2020 Autumn Conferment of Decorations on Foreign Nationals (UK)


Sir Michael Rake

The Government of Japan has decided to confer The Grand Cordon of the Order of the Rising Sun on Sir Michael Rake for his significant contribution to strengthening the economic and ICT relationship between Japan and the United Kingdom.

As Chairman of the Confederation of British Industry (CBI), Sir Michael worked closely with Japan’s business community and senior government officials, and through his participation at various international events hosted by the Japanese government made a significant contribution to promoting and strengthening Japan-UK and Japan-EU economic relations. In October 2013 he visited Japan and met with the Japan Business Federation Chairman, Mr Hiromasa Yonekura, to discuss strengthening the Japan-UK economic relationship. During this visit he also gave a speech at the Foreign Correspondents' Club of Japan, explaining the importance of Japanese investment in the UK and the benefits of economic agreements, and called for an early conclusion of the Japan-EU Economic Partnership Agreement (EPA). He has also contributed to deepening the understanding of Japan in the UK, and he has played a significant role in promoting an image of Japan, a country that has enjoyed a cooperative relationship and shared values with the UK for a long time, as an important partner for the future in the UK. Sir Michael also played a role in the conclusion of the Japan-EU EPA by including policy recommendations to the EU in the 2013 CBI report demanding that they conclude this agreement promptly, and by proactively lobbying the European Commission.

As Chairman of BT Group, Sir Michael also worked closely with Japanese business and government, taking part in many international events that Japan hosted, and helping to further strengthen Japan-UK cooperation in the field of ICT. In 2009, Sir Michael attended the World ICT Summit in Tokyo as keynote speaker, introducing the UK’s latest efforts towards next-generation communications and expressing his hopes for Japan and its world-leading broadband. In 2010, he gave a presentation about international internet trends and future expectations at the Japan Business Federation’s ICT Committee meeting, and had dialogue with top Japanese companies, helping to further develop Japan-UK ICT cooperation. Sir Michael has also played a role in cooperation between Japan and the UK ahead of the 2020 Tokyo Olympics and Paralympics, sharing his knowledge of cybersecurity measures during the London Olympics through meetings with Japan’s ministers, and sending high level BT representation to the 2016 G7 ICT Multi-Stakeholders’ Conference at the G7 ICT Ministers’ Meeting in Takamatsu, Kagawa.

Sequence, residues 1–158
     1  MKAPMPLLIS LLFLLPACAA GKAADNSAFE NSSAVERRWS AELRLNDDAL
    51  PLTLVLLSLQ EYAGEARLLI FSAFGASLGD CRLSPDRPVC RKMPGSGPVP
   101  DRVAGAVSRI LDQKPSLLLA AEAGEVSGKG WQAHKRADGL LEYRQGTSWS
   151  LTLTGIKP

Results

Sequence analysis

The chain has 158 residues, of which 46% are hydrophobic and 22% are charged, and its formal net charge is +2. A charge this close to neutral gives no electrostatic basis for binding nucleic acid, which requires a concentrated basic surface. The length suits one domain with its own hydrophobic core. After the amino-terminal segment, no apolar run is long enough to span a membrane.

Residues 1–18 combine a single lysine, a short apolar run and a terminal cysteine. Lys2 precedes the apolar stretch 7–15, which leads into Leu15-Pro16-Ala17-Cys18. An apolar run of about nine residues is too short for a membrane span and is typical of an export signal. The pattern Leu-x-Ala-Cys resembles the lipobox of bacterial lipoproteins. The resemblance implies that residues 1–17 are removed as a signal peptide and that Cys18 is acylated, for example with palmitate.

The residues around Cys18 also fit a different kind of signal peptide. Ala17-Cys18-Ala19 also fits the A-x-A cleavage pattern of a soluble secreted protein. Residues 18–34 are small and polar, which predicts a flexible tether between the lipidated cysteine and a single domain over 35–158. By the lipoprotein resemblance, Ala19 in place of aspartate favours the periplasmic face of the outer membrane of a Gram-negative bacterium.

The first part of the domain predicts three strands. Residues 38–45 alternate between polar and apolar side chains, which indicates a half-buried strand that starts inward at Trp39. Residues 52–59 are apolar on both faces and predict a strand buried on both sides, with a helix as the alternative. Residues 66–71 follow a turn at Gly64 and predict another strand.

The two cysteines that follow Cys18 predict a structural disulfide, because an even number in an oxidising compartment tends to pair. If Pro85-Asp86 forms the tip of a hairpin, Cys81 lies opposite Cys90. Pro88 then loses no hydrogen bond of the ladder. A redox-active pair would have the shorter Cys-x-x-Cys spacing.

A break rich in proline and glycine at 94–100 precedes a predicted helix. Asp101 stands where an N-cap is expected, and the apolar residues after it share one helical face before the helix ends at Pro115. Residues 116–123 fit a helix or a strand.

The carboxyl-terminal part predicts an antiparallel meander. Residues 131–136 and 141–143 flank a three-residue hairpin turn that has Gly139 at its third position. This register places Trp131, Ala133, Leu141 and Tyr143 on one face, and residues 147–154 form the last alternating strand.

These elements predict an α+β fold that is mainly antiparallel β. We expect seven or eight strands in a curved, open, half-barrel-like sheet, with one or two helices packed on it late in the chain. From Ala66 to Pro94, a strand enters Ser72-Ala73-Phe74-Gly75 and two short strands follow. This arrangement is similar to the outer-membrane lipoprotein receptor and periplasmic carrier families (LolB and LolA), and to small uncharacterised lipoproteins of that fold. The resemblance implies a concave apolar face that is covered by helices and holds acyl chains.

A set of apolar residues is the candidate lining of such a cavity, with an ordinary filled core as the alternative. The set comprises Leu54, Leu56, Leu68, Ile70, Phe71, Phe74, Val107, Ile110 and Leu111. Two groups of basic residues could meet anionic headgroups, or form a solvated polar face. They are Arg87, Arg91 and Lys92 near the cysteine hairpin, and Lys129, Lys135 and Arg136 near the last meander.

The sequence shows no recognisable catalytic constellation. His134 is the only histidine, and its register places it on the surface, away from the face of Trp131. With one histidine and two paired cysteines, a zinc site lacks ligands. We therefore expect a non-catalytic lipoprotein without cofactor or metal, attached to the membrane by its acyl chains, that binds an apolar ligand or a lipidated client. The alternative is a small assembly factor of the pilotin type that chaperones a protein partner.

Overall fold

The BT Group’s activities in Japan date back to 1985, providing a wide variety of services across Japan as a global network service provider, offering support to multinational companies and forming data centres domestically in Japan. BT Group have also provided positive support to globalizing Japanese companies wishing to enter the UK market.

Dr Rupert Faulkner

The Government of Japan has decided to confer The Order of the Rising Sun, Gold and Silver Rays on Dr Rupert Faulkner for his outstanding contribution to introducing Japanese culture and promoting the understanding of Japan in the United Kingdom.
After graduating from Cambridge University in 1977 with a degree in Japanese Studies, Dr Faulkner undertook seven years of research into the history of Japanese ceramics, three of which he spent in the Archaeology Department of Nagoya University. In 1984 he took up the post of Curator of Japanese art at one of the UK's leading museums, the Victoria and Albert Museum (V&A). He has remained at the V&A ever since, having gone on to become Senior Curator of Japanese Art, and is responsible for the care and maintenance of and research into the museum’s Japanese collection.